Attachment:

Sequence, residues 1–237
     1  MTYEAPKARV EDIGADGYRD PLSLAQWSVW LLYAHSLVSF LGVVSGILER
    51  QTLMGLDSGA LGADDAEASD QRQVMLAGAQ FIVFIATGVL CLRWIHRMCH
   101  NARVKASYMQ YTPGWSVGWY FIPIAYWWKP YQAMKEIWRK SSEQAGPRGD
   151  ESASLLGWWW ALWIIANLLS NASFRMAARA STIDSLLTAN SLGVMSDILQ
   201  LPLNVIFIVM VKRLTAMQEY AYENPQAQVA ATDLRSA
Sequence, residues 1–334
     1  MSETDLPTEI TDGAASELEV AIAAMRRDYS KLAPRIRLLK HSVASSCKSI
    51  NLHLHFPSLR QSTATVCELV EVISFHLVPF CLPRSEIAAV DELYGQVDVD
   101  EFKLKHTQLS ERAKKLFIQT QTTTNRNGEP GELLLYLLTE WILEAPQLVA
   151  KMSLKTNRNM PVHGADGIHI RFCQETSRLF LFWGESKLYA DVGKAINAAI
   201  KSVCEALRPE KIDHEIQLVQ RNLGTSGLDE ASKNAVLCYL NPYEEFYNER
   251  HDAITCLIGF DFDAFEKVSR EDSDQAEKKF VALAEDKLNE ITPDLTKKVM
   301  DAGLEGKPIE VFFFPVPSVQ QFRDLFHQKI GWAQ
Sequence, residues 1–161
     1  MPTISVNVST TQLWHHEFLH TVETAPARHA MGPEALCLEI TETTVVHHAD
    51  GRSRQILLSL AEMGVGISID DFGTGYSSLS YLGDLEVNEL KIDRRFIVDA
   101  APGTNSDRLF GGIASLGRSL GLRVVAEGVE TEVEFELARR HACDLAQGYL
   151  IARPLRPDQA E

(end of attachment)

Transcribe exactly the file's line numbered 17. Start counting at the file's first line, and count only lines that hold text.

    51  GRSRQILLSL AEMGVGISID DFGTGYSSLS YLGDLEVNEL KIDRRFIVDA